Option market flashes buy signals
First, option traders are getting frightened, which is contrarian bullish. The ISEE equity-only call-put ratio were very low all day, on Thursday December 11. Readings under 100% often indicate a crowded short.
As well, Bill Luby, who blogs at VIX and More, observed in a tweet that the VIX term structure had briefly inverted just before the market close. VIX term structure inversion is an indication of extreme fear in the market.
Inside Day reversal signal
From a technical standpoint, the SPX chart below also flashed a couple of tactically bullish signals. First, the 5-day RSI, which is useful for swing trading short-term moves, moved off an oversold level of below 30. Such events are often signal upside for the index.
In addition, the SPX also experienced an "inside day" today (Thursday, December 11, 2014) after hitting the lower Bollinger Band yesterday. An "inside day" occurs as when the daily range of a stock or index is inside the previous day's daily high-low range. According to Jamie Saettele at Investopedia, the appearance of an inside day while the price touches either the upper or lower Bollinger Band can be an indication of reversal. The Bollinger Band defines the overbought or oversold reading, while the inside day signals indecision or trend exhaustion (emphasis added):
Prices at the upper Bollinger Band® are considered high and prices at the lower Bollinger Band® are considered low. However, just because prices have hit the upper Bollinger does not necessarily mean that it is a good time to sell. Strong trends will 'ride' these bands and wipe out any trader attempting to buy the 'low' prices in a downtrend or sell the 'high' prices in an uptrend. Therefore, just buying at the lower band and selling at the upper band is out of the question. By definition, price makes new highs in an uptrend and new lows in a downtrend, which means that they will naturally be hitting the bands. With this information in mind, our filter will require that buy signals occur only if the candle following the one that hits the Bollinger Band® does not make a new high or low. This type of candle is commonly known as an inside day. The best time frames to look for the inside days are daily charts, but this strategy can also be used on hourly, weekly and monthly charts. Combining inside days with Bollinger Bands® increases the likelihood that we are only picking a top or bottom after prices have hit extreme levels. As a rule of thumb, the longer the time frame, the rarer the trade will be, but the signal will also be more significant. (For more insight, see Using Bollinger Band® "Bands" to Gauge Trends and Capture Profits With Bands And Channels.)
Candlesticks and their respective patterns illustrate the psychology of the market at a particular point in time. Specifically, the inside candle represents a period of contracted volatility. If, in an uptrend, volatility begins to slow and the market fails to make a new high (as illustrated by the inside candle), then we can deduce that strength is waning and that the chance for a reversal exists. When combined with a Bollinger Band®, we ensure that we are trading a reversal only by either selling high prices (higher Bollinger Band®) or buying low prices (lower Bollinger Band®). In this way, we trade for the big move; not necessarily selling the low tick or buying the bottom tick but definitely buying near the relative bottom and selling near the relative top. The key is confirmation.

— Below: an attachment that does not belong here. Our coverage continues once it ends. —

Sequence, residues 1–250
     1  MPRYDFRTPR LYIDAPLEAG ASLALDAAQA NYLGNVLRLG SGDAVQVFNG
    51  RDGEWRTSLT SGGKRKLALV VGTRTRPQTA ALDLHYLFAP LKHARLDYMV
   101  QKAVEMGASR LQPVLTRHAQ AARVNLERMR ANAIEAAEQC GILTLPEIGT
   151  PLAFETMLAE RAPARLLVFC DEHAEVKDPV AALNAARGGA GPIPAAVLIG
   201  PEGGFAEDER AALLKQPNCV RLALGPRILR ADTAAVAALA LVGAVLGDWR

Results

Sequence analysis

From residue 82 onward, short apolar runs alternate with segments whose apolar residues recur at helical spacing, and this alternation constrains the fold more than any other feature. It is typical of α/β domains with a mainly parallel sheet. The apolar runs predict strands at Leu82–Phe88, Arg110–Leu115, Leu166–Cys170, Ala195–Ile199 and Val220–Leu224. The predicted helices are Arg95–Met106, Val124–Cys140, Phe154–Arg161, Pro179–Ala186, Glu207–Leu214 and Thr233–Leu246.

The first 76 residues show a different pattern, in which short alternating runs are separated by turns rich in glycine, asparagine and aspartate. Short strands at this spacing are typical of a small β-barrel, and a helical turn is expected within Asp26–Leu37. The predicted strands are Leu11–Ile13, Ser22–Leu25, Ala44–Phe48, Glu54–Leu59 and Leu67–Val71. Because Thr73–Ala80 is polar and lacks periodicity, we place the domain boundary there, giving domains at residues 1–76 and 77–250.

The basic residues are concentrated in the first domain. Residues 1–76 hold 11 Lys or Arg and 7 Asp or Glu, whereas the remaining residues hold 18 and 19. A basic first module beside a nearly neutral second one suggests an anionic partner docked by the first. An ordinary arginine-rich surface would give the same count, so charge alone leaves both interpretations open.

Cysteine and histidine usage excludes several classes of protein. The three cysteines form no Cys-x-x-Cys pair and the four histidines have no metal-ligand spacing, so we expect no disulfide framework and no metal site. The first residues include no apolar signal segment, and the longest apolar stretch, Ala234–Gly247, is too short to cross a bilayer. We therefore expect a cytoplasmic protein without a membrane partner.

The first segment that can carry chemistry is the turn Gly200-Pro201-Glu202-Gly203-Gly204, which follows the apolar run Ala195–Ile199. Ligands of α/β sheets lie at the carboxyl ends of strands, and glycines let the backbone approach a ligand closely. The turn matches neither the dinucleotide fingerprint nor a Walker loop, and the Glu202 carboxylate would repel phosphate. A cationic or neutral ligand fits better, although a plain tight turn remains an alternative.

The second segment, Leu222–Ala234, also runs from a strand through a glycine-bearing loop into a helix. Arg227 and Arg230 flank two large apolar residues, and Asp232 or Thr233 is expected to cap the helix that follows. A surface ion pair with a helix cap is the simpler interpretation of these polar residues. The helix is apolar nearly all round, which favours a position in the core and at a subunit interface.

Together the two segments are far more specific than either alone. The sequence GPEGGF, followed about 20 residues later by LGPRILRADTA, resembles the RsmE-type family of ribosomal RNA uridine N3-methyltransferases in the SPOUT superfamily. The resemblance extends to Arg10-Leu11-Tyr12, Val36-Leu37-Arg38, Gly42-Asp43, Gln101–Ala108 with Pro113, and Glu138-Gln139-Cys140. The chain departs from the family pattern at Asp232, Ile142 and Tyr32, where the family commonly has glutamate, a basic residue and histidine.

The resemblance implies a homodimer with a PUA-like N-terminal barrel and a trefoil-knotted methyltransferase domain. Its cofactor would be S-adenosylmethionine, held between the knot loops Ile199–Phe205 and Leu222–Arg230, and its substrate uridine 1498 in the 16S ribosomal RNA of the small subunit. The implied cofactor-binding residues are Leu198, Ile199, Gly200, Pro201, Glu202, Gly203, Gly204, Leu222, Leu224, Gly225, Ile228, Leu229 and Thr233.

Event risk next week
Should the stock market rally as I expect, I would nevertheless be wary of volatility stemming from major event risk next week. First, there is the Greek presidential election on December 17. Already, Greek bond yields and stock market are plunging over the political uncertainty.
As well, the FOMC is meeting December 16-17. There is a strong possibility that we may not only see the removal of the "considerable time" language from the statement. Not only that, we may see a far more hawkish tone from the Fed as the most recent speech from NY Fed Governor and Yellen circle insider William Dudley stated that a mid-2015 liftoff in interest rates is more or less baked-in:
Market expectations that lift-off will occur around mid-2015 seem reasonable to me. Although that could change depending on how the economy evolves, my views on “when” do not differ appreciably from the most recent primary dealer and buy-side surveys undertaken by the New York Fed prior to the October FOMC meeting.Not only that, he warned the market against the expectation of a Yellen Put:
Let me be clear, there is no Fed equity market put. To put it another way, we do not care about the level of equity prices, or bond yields or credit spreads per se. Instead, we focus on how financial market conditions influence the transmission of monetary policy to the real economy. At times, a large decline in equity prices will not be problematic for achieving our goals. For example, economic conditions may warrant a tightening of financial market conditions. If this happens mainly via the channel of equity price weakness—that is not a problem, as it does not conflict with our objectives. In contrast, when we want financial market conditions to be extremely accommodative—as has been the case in recent years when we have been far away from our employment and inflation objectives—then we will take into consideration a broad set of developments with respect to interest rates, the stock market and other measures of financial conditions in choosing the appropriate stance for monetary policy.Just be warned that traders who go long here should be here for a good time, but not a long time. On December 17, all bets are off.